In his recent Trusteeship article, AGB Senior Fellow Kevin Reilly, president emeritus of the University of Wisconsin System, outlines the challenges and opportunities facing public, multi-campus systems in American higher education. These systems drive American democracy forward, enrolling more than half of all postsecondary students in the United States and serving as economic engines by creating a prepared workforce for their states.
With such high aspirations and important responsibilities, these systems are, in Reilly’s words, “too big to fail.”
Yet, in fulfilling their public purpose, these higher education systems confront many challenges, which are reflected in the news today. In the face of declining enrollments and changing student demographics, several systems are considering restructuring—tapping into new business models to revitalize the system and reconnect it to state needs. For other systems, uncertain or diminished state funding make it difficult to plan, grow, and make progress towards institutional goals related to college completion and workforce development. And across the country, in all systems, tensions surrounding affordability, leading to increased scrutiny by external stakeholders, threaten vital aspects of system autonomy and the ability to make decisions free from political intrusion.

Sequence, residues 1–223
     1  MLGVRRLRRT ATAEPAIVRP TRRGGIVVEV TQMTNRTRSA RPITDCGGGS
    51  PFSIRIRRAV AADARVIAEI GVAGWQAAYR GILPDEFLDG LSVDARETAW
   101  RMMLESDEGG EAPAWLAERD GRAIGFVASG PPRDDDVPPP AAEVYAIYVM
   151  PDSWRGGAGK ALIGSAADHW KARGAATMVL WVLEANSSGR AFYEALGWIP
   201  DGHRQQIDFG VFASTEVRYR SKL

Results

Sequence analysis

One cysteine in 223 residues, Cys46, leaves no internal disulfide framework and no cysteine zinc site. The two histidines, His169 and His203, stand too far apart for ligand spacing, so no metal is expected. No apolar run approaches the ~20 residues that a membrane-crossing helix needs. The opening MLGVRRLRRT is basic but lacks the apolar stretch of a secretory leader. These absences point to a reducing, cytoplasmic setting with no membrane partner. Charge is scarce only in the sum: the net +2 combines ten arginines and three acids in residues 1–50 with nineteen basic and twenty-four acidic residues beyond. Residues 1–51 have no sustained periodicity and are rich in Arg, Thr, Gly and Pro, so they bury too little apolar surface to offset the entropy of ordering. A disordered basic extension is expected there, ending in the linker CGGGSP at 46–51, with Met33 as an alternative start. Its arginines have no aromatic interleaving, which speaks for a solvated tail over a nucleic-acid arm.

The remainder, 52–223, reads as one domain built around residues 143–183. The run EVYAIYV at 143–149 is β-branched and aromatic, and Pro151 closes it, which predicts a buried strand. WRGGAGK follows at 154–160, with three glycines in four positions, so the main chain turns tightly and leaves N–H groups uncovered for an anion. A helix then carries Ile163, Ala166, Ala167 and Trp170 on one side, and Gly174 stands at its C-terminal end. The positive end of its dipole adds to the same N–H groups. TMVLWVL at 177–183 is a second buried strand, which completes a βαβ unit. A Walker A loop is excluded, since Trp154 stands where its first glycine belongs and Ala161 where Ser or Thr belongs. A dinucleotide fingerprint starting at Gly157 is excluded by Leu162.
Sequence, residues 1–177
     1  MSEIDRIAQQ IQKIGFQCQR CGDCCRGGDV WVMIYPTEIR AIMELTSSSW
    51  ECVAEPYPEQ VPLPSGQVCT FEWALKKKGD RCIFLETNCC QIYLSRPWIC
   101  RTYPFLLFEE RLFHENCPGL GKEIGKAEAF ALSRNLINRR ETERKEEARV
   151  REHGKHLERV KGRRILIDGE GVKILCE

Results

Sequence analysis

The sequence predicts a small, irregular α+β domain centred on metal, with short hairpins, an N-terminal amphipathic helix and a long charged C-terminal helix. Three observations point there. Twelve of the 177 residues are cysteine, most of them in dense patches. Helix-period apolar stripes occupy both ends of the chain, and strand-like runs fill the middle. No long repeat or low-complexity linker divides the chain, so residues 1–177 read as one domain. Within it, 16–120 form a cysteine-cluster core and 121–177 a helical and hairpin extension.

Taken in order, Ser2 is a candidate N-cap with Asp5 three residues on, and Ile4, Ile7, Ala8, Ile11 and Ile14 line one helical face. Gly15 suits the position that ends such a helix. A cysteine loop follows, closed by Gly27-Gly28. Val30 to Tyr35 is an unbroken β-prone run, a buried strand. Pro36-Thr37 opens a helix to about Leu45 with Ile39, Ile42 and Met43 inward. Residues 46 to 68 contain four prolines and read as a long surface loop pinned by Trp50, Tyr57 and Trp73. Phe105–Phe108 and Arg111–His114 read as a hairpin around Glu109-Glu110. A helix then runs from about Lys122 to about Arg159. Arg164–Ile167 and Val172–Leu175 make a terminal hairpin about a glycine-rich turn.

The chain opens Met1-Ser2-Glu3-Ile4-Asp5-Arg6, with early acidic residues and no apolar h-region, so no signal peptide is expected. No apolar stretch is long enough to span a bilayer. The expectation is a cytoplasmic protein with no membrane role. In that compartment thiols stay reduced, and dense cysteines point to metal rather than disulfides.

To fulfill the public purposes they guard, system heads, system governing boards, and state policymakers must work together to create systems governed with focus, capacity, and independence:
- FOCUS in overseeing the enterprise and ensuring that the entire system is leveraged to meet the needs of the state and its citizens.
- CAPACITY in appointing board members, chancellors, and campus presidents who are knowledgeable, engaged, and committed to the state’s high aspirations for the system.
- INDEPENDENCE in upholding the integrity of the system as free from external influence and political intrusion, reflecting trust between system governing boards, system heads, and state policymakers.
System governing board members and system heads must foster this kind of consequential governance in light of the pressures and challenges facing their systems.